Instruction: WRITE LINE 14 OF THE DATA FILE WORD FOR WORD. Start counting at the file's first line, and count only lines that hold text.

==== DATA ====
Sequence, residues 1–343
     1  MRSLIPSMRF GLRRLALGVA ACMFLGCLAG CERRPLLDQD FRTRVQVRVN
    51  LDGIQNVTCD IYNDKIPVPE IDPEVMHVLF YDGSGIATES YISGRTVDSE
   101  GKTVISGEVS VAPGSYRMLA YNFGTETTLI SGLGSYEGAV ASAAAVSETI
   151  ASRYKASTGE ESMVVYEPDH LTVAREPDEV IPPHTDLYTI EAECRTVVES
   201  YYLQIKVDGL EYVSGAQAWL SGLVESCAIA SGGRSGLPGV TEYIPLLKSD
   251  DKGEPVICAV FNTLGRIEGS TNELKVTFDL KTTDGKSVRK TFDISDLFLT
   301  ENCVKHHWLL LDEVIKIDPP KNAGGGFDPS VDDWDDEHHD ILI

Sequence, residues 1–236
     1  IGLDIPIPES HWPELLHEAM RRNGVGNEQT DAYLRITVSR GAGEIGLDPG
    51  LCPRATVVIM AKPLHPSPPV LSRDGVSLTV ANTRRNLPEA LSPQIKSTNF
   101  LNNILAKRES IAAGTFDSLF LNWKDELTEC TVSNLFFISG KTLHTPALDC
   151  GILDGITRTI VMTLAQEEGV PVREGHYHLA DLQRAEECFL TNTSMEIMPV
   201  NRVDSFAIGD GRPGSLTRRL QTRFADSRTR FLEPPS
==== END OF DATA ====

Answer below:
   201  NRVDSFAIGD GRPGSLTRRL QTRFADSRTR FLEPPS